Elsewhere in this blog, I have written that a Likert scale might consist of several overlapping items. For instance, if I want to measure subjects’ attitudes towards sweets, I might ask them to record how they feel about the following statements:
Strongly Agree  Agree  Disagree 
Strongly Disagree 

1. I like chocolate.  
2. I like cookies  
3. Ι Iike whipped cream 
In order to interpret these data, we need to summarise the data in the scale. The safest way to do this is by estimating the median value of all the items. Using the same example as above, I need to create a new ‘supervariable’, which shows the mean of items (1), (2) and (3) for each respondent.
In the paragraphs that follow, I will show how to do this, using SPSS.
Assumptions
I assume that you will already know how to define variables and values, how to toggle between the numerical expression and verbal descriptor of the values (i.e., you can make SPSS show responses as “strongly agree/agree/disagree/strongly disagree” or as “1/2/3/4”, and how to key in data. I will also assume that you have already established that the scale is internally consistent, so I will focus only on the technical aspects of merging the variables.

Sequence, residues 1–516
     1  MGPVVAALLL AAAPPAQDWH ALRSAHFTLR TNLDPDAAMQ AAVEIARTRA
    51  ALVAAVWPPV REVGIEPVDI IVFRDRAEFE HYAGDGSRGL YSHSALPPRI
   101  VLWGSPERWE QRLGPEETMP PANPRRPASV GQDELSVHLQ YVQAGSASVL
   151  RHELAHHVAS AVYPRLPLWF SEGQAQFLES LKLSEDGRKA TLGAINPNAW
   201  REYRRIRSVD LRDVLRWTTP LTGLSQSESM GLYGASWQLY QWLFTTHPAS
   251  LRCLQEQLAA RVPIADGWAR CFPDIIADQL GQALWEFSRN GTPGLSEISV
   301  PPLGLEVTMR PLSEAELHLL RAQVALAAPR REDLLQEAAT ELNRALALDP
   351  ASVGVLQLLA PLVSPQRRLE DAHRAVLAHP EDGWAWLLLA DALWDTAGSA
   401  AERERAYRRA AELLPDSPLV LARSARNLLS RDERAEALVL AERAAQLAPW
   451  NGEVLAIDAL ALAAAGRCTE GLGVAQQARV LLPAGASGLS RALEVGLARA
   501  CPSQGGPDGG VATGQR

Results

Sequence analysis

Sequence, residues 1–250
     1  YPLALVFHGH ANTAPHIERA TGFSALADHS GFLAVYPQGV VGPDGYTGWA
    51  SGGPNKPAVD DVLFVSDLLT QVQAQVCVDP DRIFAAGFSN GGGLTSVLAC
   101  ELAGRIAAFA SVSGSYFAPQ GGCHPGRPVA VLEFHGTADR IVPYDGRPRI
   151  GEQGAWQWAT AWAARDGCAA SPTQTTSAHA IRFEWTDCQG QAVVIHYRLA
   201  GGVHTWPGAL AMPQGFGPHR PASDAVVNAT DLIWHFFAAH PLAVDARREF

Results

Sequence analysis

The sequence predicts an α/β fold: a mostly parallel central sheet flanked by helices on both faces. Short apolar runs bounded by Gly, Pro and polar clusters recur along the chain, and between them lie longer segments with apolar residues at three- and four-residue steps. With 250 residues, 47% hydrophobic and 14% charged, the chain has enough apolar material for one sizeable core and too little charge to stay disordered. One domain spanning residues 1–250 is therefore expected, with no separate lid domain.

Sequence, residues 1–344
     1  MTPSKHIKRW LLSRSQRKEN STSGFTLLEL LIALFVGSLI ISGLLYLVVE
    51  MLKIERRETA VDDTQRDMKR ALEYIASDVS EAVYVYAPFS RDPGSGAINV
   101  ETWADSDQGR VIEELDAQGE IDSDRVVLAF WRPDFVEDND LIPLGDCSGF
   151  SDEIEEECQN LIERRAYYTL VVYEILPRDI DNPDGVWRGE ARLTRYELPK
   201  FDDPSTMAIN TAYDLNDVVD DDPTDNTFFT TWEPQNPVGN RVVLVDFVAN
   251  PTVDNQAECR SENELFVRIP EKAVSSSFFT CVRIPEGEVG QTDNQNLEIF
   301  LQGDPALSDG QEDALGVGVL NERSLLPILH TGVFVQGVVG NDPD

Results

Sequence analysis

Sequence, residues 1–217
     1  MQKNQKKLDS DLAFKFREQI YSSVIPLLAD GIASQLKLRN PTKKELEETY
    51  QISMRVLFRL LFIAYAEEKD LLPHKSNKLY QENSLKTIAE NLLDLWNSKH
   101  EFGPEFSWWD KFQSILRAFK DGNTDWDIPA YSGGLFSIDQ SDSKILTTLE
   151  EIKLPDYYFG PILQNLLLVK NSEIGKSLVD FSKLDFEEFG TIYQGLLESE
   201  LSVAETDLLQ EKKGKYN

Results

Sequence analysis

Starting out
Your starting point will be a dataset similar to Figure 1 below.
When you have typed in your data, and tested for the internal consistency of the scale (use Cronbach’s α), it’s time to create a new variable.
Merging the variables
From the top menu bar, select Transform > Compute variable. You should now see the following dialogue box.
 Assign a name to the new variable (e.g., Sweets)
 Scroll down the Function Group, and select Statistical
 From the functions that appear select the Median. [ΝΒ it is possible to select the mean, but I don’t recommend it]. At this point, the following formula should appear in the numerical expression box: Median ( , )
 Place the cursor in the brackets, select the variables you want to merge, and click on the arrow. Repeat with all the variables, separating them with comas.
 Click on OK.
Result
SPSS will automatically generate a new variable, which will appear at the end of your dataset. This will be in numerical form (1, 2, 3, …), but you can change it to a verbal descriptor for consistency (Figure 3). You can use this variable for descriptive statistics (e.g., estimate the central tendency and dispersion), crosstabulations, correlations and so on…